(translation) As on this auspicious day, the 2nd of Assuj, Sambhat 1899 [16th or 17th September A.D. 1842], we the officers of the Lhasa Government Kalon of Sokan and Bakshi Shajpuh, Commander of the Forces, and two officers on behalf of the most resplendent Sri Khalsa ji Sahib, the asylum of the world, King Sher Singh ji and Sri Maharaj Sahib Raja-i Rajagan Raja Sahib Bahadur Raja Gulab Singh ji, the Mukhtar-ud-Daula Diwan Hari Chand and the asylum of vizirs, Vizir Ratnun, in a
meeting called together for the promotion of peace and unity, and by professions and vows of friendship, unity and sincerity of heart and by taking oaths like those of Kunjak Sahib, have arranged and agreed that relations of peace, friendship and unity between Sri Khalsa ji and Sri Maharaj Sahib Bahadur Raja Gulab SIngh ji and the Emperor of China and the Lama Guru of Lhasa will henceforward remain firmly established for ever; and we declare in the presence of the Kunjak Sahib that on no account whatsoever will there be any deviation, difference or departure [from this agreement]. We shall neither at present nor in future have anything to do or interfere at all with the boundaries of Ladakh and its surroundings as fixed from ancient times and will allow the annual export of wool, shawls and tea by way of Ladakh according to old established custom.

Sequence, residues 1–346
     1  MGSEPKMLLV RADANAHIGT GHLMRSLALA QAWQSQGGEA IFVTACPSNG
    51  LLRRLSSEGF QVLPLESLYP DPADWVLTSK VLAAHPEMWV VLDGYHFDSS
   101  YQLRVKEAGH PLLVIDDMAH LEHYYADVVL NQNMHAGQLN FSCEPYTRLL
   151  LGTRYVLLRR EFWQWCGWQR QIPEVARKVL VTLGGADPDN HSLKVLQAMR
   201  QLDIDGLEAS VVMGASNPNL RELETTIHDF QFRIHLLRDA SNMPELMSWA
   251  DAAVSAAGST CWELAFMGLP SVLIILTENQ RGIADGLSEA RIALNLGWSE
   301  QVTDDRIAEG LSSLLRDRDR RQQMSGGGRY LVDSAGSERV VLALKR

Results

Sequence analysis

Should any of the opponents of Sri Khalsa ji and Sri Raja Sahib Bahadur at any time enter our territories, we shall not pay any heed to his words or allow him to remain in our country.
We shall offer no hindrance to traders of Ladakh who visit our territories. We shall not, even to the extent of a hair’s breadth, act in contravention of the term that we have agreed to above regarding firm friendship, unity and fixed boundaries of Ladakh and the keeping open of the route for wool, shawls and tea. We call Kunjak Sahib, Kairi, Lassi, Zhoh Mahan, and Khushal Choh as witnesses to this treaty.
The agreement is quoted in Aitchison’s Treaties. The veracity of this treaty will need further analysis as by this time, the Raja of Jammu was virtually independent of Sikhs to the extent that the Dogras did not even support the Sikhs in their fight against the British. Participation’s by Chinese is also suspect.